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Southland team scores big win in Cabo tuna tourney. New dates set for 2001!

By RICH HOLLAND

WON Staff Writer

CABO SAN LUCAS, BCS - If the inaugural Western Outdoors Los Cabos Tuna Jackpot Tournament was a victory for the little man, then the second time around on the Mercury-sponsored event was definitely a win for the big boys. 

Philip Arciero, Jr.'s 58-foot Hatteras Blue Thunder blasted as far as 60 miles from Land's End in search of pods of dolphin during the first day of competition to find the fish that took the biggest hunk of the nearly $250,000 on the line. Members of the 136 official competing teams had arrived in Cabo to find a sweltering combination of heat and humidity, but the wind started to come up early that first day of fishing, a trend that would continue throughout the tourney.  

The early buzz was that the dolphin schools were scarce within 30 miles of Cabo and it proved true during the tournament. Now the rising wind meant boats would not only have to travel far, they would have to pound their way back home. There were other concerns. Word was squid had moved in on the Gordo Banks, further complicating the search for big tuna, since getting a yellowfin to look at a big bait or lure is inestimably harder when it has a belly full of calamari. Although the scales located along the malecon adjacent to the Plaza Las Glorias opened at 1 p.m., the sole activity early on was a game of musical chairs to scrounge the bits of shade around the weigh station, as only fingers of the Pacific breeze searched their way into the marina.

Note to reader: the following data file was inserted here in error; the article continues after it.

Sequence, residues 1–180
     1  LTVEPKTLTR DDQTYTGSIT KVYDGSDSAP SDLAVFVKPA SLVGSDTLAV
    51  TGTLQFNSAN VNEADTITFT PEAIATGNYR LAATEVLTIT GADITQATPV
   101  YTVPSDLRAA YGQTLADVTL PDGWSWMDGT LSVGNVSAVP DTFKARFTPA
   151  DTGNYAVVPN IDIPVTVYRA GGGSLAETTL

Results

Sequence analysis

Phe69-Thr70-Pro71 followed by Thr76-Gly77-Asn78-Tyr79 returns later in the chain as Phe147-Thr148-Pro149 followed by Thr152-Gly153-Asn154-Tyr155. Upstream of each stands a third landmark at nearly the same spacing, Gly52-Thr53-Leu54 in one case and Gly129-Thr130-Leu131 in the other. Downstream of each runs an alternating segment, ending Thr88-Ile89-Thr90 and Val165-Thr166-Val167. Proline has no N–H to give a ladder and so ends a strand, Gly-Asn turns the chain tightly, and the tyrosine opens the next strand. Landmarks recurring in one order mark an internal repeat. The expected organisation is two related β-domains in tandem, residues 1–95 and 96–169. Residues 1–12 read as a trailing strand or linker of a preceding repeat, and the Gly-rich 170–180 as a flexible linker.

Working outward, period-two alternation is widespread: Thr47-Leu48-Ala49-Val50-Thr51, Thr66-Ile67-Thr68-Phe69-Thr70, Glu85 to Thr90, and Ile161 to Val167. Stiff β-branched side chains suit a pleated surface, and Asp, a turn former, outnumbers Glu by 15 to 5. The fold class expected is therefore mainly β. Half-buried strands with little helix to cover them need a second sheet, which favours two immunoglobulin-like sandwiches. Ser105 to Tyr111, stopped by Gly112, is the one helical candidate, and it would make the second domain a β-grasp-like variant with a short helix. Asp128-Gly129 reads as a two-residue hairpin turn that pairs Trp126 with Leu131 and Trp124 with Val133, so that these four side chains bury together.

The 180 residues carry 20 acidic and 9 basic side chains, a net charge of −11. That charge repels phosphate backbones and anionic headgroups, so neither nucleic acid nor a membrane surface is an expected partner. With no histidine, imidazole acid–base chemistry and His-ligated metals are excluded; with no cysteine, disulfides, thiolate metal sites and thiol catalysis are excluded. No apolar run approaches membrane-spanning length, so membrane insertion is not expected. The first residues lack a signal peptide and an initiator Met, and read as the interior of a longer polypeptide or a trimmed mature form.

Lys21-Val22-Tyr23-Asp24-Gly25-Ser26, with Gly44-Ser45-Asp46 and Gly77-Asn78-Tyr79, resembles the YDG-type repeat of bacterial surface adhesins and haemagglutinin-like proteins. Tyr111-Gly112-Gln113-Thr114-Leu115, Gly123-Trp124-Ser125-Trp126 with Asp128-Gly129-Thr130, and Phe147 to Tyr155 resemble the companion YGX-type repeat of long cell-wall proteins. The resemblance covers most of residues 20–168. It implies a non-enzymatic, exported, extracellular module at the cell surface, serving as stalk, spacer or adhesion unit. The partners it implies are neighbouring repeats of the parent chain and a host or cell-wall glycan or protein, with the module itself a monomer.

THE CROWD IN FRONT OF Hotel Plaza Las Glorias and Seafood Mama's on the malecon at Cabo Harbor watches  as the Blue Thunder's big tuna is brought to the scale the first day.

(Western Outdoor News photos by Rich Holland)

Ben Taylor's 130-pound butterball of a yellowfin on the Blue Thunder the first day earned $97,880 in daily jackpots and $45,200 for first place overall.

Yet last year's tourney taught that Tuna Jackpot anglers take advantage of as much fishing time as possible. Or is it that they need most of the 9-hour fishing day to get the job done? Whatever, things didn't start to get serious around the scales until 3.

Then began a trickle  of 60- to 70-pound tuna eventually topped by a 78.9-pound yellowfin caught aboard the Ole Ole by Bluewater Tackle (Solana Beach) team captain Kent Sliger.

Like many of the teams that weighed fish the first day, Bob Tininenko's Ole Ole came in with not one, but several yellowfin tuna. Since the $500 basic entry fee is paid out as an overall jackpot for the 3 biggest fish during the 2 days of the tournament, it was necessary to weigh the biggest couple fish of each team's catch.  

The 78.9 pounder on Ole Ole at least set a clear benchmark for the biggest fish of the day, but the nature of the fishing made for one cookie cutter school-fish after another being drug up to the stage.

We chased schools of porpoise 30 to 50 miles out, said Ole Ole skipper Tony Berkowitz. We caught 4 fish on cedar plugs. By the time Berkowitz was back at the weigh station to keep on eye on his team's fate, the trickle had turned to a parade of tuna.

SECOND DAY JACKPOT - The 75.5-pound yellowfin propped up here by Stray Cat skipper Victor Tomas Iniesta won a stunning $97,880 in daily jackpots. Also pictured, from left, are team captain Carlos Sanchez, Peter Chacon, Craig Cunningham and Scott Dilley. EARLY LEADER - The 78.9-pound yellowfin brought in by Ole Ole was the leader much of the first day and earned second place overall money for the team. To tournament co-director Pat McDonell's left are: boat owner Bob Tininenko, Bluewater Tackle team captain Kent Sigler, skipper Tony Berkowitz and Rob Denny.